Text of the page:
niacin & vitamin
Nutritive value skeletal & organ meats - properly utilised to alleviate the malnutrition.

FRAUDULENT SUBSTITUTION OF MEAT AND ITS


RECOGNITION
The differentiation of the muscle and fat of animals is of
importance in connection with the possible substitution of
inferiorandattimesrepugnantmeatforthatofgoodquality.
The substitutions practiced - horseflesh for beef, chevon for
mutton, mutton for venison, beef for mutton and occasionally
thefleshofthecatforhareorrabbit.
Not difficult to differentiate the flesh and fat - animals in the
carcassformorinjointsbymeansofanatomicalconfirmation.
Recognition of horseflesh or other meats in minced or in
sausage form depends on tests of chemical or biological
nature.
Inthehandlingofmeatsandpreparationofmeatfoodproducts
attempts are sometimes made to substitute meat of lesser
quality for that of higher quality with the object of deceiving
public and gain more profit. The level of the mixing may vary
from1to99%.Ifitis100%itissubstitution.

Various types of meat being substituted as mentioned above - differentiate


or recognize by three methods.
They are
o Physical or physiological methods.
o Chemical tests and
o Biological tests
These methods are also classified as follows:
o Physical and chemical techniques
Fatty acid pattern,
Histidine di-peptides and
Direct probe mass Spectrometry.
o Immunological techniques
Agar Gel Immuno Diffusion (AGID)
Counter Immuno Electrophoresis (CIE)
Enzyme Linked Immuno Sorbent Assay (ELISA)
o Electrophoretic Techniques
Polyacrylamide gel electrophoresis (PAGE)
SDS Polyacrylamide gel electrophoresis (SDS PAGE)
Polyacrylamide gel isoelectric focussing (PAGIF)
Agarose isoelectric focussing (AGIF)
o DNA Assay Techniques

Physical Methods
Anatomicaldifferences-eachspecies-carcass&appearance-
muscle&fatcolour,odour,textureandtaste-provided-general
differencebetweenspecies-earlierdays-foodanalysis.
Canbeattempted-providedmeats-formofjointsandincarcass
form
Carcasses of Different Species of Food Animals
1. Horse
Neckandthebonesoflimbsarelongerthantheox.
Sternumofhorseiscanoeshaped.
Nodiarthrodialjointbetweenthefirstandsecondsternalribs.
Thereare18pairsofribsandarenarrowerthanthoseofox.
2. Bull
o Massivemuscles-neck&shoulder&hindquarters-well-bred
animals.
o Neck&Ligamentum nuchae-thicker&strongerthan-ox.
o Anteriorpartischio-pubicsymphysis-welldeveloped&forms
adistincttubercle.Inguinalcanalsarepatent.

3. Ox
Lesser muscular development - bull - neck and shoulder
region.
Evencovering-fat-exterior.
Scrotalfat-prominent,nodular&moreorlesspointed.
Pelvis is narrow and usually contains a relatively large
quantityoffat.Fatisusuallyplentifuloverthekidneysand
alongthesub-lumbarregion.
4. Cow
Thigh - less rounded, very noticeable - hind quarters
(sunkenround)pelvis,anteriortubercularpelvisbroader-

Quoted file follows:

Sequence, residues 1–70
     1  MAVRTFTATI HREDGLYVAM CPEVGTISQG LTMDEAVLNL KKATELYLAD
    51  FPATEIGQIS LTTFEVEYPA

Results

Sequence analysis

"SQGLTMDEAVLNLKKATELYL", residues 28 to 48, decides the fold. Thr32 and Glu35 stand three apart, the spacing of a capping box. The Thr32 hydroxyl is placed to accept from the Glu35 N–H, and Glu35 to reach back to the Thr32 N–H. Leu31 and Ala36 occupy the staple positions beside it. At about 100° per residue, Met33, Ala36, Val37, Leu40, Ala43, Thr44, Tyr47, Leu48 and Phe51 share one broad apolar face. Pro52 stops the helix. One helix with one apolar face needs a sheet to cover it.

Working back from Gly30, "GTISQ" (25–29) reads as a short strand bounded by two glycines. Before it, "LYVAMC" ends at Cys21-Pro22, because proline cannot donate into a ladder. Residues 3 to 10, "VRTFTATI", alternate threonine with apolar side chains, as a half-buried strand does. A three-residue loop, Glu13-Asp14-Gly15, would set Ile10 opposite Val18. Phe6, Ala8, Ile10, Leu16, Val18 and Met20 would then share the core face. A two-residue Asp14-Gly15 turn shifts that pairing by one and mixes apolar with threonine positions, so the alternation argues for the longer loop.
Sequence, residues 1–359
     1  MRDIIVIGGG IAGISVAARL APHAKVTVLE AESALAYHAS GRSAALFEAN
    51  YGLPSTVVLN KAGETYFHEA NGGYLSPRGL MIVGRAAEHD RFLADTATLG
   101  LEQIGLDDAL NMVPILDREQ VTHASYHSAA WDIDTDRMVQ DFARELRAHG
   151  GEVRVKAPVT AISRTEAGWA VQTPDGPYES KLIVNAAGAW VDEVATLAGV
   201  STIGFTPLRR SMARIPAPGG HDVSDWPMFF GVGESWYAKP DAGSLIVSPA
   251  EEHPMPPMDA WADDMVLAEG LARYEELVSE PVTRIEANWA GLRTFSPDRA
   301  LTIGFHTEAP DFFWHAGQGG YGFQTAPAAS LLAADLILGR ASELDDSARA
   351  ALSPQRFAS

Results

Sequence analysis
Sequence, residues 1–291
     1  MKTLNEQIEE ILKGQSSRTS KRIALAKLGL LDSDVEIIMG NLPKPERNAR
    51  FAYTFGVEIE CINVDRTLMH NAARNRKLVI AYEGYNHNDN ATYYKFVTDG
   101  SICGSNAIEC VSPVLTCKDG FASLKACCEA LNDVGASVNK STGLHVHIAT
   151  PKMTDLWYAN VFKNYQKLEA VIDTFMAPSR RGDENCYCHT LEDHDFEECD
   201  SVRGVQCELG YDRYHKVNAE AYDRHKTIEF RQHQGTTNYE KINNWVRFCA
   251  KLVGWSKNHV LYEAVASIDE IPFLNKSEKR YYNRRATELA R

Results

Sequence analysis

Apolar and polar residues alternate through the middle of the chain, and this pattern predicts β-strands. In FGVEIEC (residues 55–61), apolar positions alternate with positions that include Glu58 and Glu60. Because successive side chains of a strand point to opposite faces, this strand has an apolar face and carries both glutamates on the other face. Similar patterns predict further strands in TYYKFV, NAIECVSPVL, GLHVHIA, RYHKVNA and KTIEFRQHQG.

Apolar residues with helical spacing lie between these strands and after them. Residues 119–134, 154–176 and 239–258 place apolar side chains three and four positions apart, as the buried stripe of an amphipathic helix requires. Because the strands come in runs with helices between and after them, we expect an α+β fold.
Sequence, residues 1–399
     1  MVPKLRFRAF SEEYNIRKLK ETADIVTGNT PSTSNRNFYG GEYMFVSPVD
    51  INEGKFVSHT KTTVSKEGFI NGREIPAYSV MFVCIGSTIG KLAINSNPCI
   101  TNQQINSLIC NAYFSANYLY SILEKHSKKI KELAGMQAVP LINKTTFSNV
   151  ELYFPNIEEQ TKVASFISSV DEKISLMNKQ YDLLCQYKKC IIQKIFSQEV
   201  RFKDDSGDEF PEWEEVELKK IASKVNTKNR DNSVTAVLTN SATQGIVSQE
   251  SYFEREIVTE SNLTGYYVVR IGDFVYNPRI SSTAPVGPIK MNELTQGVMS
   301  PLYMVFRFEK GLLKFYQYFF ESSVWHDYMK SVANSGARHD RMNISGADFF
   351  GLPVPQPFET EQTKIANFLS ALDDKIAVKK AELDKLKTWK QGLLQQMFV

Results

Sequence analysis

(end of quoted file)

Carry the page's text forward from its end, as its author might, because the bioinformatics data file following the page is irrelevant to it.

ox.
Udderpresent-removedtriangularareaofattachmentis
noticeable on each side of midline of the abdominal wall.
Heifers - udder - slightly developed and consists chiefly of
fat.
Inoldcowstheudderissoft,spongy,roundandpendulous.

5. Sheep
Sheep carcass (whether or ewe) characterised abundant & even distribution S/C fat.
Ram carcass - distinguished by great muscular
development - region neck & shoulders ligamentum nuchae - large and strong - neck is thick
& inguinal canals are patent.
6. Goat
Goats are long and lean - little S/C fat, kidney fat
abundant even in poor carcasses.
S/C connective tissue - sticky nature & during skinning
loose hairs - skin - adherent - S/C tissue & cannot be
removed completely. Pelvis of goat is long and narrow.
7. Hog

Carcass - pig cannot easily be mistaken - any other animal most countries - skin is left - carcass. But even when the
skin is removed there should be no difficulty in identification

DIFFERENTITATION OF CARECASSES OF FOOD ANIMALS


Differentiation of Carcasses of Horse and Ox
Carcassofthehorseandoxmaybedifferentiatedbythefollowing
details
1. In the horse - unusual length - sides is noticeable, together
withthegreatmusculardevelopmentofthehindquarters.
2. The thoracic cavity is longer in the horse; this animal
possesses18pairsofribs,whereastheoxhas13pairs.
3. Theribsinthehorsearenarrowerbutmoremarkedlycurved.
4. Thesuperiorspinousprocessesofthefirstsixdorsalvertebrae
are more markedly developed in the horse and are less
inclinedposterior.
5. In the forequarter, the ulna of horse extends only half the
lengthoftheradius;intheoxitisextendedandarticulateswith
thecarpus.
6. In the hindquarter, the femur of the ox possesses no third
trochanter; the fibula is only a small pointed projection, butin
thehorseitextendstwothirdthelengthofthetibia.

7. In the horse the last three lumbar transverse


processesarticulate-eachother-sixtharticulating-
similarmannersacrum-donotarticulateintheox.
8. The horse carcass shows considerable development
of soft yellow fat beneath the peritoneum, especially
in the gelding and mare, but in the stallion the fat is
generallyofalightercolourandalmostwhite.Inthe
ox the kidney fat is always firmer, whiter and more
abundantthaninthehorse.
9. Horseflesh is a dark red, initially brown or reddish
brown on exposure to atmosphere the colour turns